Tanya Morgan: Hip-Hop Fantasy Land
- Words: Mosi Reeves
A none-too-girly trio gives birth to a hip-hop fantasy world.
“There’s a quirky kind of edge to us,” says Von Pea, offering his best explanation for Tanya Morgan's self-created mythology. Take the group's name; seemingly devised on a whim, it refers to a woman that doesn’t exist. The three say they hail from Brooklynati; much like William Faulkner’s Yoknapatawpha County, it’s an imaginary hometown that pays homage to the group’s dual stomping grounds of Brooklyn and Cincinnati. At their website, brooklynati.com, a hip-hop geek’s fantasy is brought to glorious life, with mythical locales such as Yancey Park, Questo’s Instrument Shop, and Tiggalo’s House of Worship.
Brooklynati, the group's new album, arrives three years after their 2006 debut, Moonlighting. On that first release, Von Pea, Donwill, and Ilyas drew effusive praise from the OkayPlayer crowd for their zippy, off-the-cuff rhymes; their unpretentious approach to hip-hop seemed to capture the art form’s playfully musical essence. But Moonlighting sold fewer copies than expected as Loud Minority Media’s then-distributor, onetime Bay Area rap giant ABB Records, folded. Loud Minority has since re-organized under a new name, Interdependent Media, giving Tanya Morgan a real shot at indie rap fame.
On Brooklynati, co-produced by Von Pea and beat-maker Brickbeats, the group tries to fulfill that promise with lush hip-hop soul and cameos from Phonte, Blu, and many others. “Moonlighting was essentially the demo tape that got us a record deal to make Brooklynati,” says Donwill, who explains that Tanya Morgan worked on Brooklynati for three years. Instead of relying on first-take vocals, the group re-recorded tracks to draw out their best performances. “We employed a technique that a lot of rock artists use—and I don’t know if rap artists do it like that—[where] we went in and re-did all the songs, because we understood that this was a time capsule.” He compares the process to “having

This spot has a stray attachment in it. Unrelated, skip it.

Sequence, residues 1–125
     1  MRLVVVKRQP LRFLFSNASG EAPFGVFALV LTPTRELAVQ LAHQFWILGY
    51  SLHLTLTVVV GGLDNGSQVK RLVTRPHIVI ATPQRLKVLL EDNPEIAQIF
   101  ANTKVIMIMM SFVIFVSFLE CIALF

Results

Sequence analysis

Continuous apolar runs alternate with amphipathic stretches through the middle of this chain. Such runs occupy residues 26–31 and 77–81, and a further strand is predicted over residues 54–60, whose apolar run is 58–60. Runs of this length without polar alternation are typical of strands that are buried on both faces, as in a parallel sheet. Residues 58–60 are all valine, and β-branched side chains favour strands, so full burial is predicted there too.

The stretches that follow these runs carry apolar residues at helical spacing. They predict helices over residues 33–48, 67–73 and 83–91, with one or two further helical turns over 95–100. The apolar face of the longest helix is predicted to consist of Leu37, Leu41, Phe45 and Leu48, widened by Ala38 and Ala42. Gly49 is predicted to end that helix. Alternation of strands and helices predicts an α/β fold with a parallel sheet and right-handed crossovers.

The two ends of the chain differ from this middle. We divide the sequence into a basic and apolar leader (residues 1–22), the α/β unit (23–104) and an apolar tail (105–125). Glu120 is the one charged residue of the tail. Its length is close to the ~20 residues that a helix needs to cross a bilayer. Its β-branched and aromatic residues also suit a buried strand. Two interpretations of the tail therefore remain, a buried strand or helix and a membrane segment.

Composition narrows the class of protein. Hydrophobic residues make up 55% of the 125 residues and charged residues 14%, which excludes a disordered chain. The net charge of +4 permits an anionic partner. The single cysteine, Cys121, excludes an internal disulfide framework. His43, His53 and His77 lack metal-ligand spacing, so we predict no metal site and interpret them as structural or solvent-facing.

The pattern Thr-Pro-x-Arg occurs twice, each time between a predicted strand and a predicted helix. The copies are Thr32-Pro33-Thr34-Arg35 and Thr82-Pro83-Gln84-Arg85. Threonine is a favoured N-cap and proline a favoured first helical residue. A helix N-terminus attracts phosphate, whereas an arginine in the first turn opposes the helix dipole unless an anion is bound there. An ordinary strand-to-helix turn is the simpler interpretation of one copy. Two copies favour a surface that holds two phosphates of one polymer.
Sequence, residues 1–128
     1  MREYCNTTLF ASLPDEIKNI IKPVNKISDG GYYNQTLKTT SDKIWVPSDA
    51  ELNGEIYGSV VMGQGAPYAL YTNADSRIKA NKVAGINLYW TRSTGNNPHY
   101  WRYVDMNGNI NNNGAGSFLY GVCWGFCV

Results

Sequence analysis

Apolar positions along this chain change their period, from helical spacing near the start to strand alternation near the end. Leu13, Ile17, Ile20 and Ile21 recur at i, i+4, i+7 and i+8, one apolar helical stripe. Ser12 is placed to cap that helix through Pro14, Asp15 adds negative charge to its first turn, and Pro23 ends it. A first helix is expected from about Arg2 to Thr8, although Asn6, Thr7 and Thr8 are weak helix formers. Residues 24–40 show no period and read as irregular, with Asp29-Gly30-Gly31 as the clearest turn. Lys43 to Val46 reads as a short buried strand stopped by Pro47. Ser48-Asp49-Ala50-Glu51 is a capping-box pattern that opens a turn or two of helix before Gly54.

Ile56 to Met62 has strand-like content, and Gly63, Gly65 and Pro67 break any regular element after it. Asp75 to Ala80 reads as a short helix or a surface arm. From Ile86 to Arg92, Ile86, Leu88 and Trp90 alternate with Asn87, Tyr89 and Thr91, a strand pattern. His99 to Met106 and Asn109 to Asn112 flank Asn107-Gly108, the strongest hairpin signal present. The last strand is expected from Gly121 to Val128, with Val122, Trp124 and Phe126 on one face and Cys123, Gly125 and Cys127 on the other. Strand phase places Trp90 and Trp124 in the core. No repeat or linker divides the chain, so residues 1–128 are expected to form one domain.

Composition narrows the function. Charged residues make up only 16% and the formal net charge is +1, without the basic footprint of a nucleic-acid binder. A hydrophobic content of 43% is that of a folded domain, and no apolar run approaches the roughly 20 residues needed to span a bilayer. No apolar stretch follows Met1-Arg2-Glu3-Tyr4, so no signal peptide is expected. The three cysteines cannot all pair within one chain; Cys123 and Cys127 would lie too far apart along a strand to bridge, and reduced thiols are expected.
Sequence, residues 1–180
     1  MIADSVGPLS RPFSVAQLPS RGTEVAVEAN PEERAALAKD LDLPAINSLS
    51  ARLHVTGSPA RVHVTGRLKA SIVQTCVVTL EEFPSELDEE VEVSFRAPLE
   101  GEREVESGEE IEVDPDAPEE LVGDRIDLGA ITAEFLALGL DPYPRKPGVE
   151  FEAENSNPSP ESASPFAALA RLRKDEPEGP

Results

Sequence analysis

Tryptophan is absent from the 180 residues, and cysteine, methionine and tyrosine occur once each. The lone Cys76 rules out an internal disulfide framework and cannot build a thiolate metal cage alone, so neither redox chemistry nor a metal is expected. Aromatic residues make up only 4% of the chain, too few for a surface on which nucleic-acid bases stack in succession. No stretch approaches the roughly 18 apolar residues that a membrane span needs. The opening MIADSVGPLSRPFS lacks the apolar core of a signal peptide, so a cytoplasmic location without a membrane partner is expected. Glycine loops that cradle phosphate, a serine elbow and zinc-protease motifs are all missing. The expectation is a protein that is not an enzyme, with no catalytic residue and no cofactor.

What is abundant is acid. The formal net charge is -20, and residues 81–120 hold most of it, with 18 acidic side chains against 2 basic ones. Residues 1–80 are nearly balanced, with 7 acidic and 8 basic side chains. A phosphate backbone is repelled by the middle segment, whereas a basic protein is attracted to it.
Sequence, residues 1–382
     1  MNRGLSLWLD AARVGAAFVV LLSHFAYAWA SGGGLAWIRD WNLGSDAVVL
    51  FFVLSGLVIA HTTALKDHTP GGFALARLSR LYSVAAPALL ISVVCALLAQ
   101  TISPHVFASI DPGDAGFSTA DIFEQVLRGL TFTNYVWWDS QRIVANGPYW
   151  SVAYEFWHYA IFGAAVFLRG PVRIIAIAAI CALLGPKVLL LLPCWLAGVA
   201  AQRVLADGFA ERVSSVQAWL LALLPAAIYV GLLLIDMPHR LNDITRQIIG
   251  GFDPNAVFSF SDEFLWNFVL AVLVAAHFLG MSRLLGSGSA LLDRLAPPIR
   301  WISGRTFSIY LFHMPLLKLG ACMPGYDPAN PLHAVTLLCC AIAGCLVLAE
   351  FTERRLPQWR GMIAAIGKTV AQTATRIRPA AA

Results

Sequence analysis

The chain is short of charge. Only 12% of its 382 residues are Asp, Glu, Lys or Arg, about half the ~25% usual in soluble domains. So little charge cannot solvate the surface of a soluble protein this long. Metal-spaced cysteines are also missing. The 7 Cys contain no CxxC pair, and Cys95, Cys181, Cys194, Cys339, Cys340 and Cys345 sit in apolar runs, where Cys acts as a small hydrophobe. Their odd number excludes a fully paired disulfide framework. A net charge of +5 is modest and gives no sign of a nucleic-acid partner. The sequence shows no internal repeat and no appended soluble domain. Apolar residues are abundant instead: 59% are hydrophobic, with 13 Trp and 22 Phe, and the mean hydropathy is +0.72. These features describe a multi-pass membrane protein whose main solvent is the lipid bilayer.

Brooklynati contains excellent nerd-rap fiction—one of the album’s highlights stars “Hardcore Gentlemen,” a made-up group that mimics the overwrought growling of early ’90s horrorcore acts—and plenty of real-life drama, with rhymes about surviving as starving artists (“Plan B”) and arguing with flaky concert promoters over money (“Don’t U Holla”). Tanya Morgan still performs the crazy freestyle sessions that made Moonlighting so great: Check “Never Secondary,” a cipher with their Lessondary crew. But the group’s zany, freewheeling spirit seems more tempered this time around, perhaps a result of seeing the industry as insiders instead of, as Ilyas puts it, “from the outside looking in.”
“Conceptually, this album is about life,” he says. “When you listen to the songs, there’s a lot of narrative—like, ‘What if I didn’t have a record deal?,’ or ‘These promoters are shady,’ or even, like, ‘Now that we put out an album, you’re [automatically] going to want another album because the internet is so saturated with music.’ It’s about life in 2010.”
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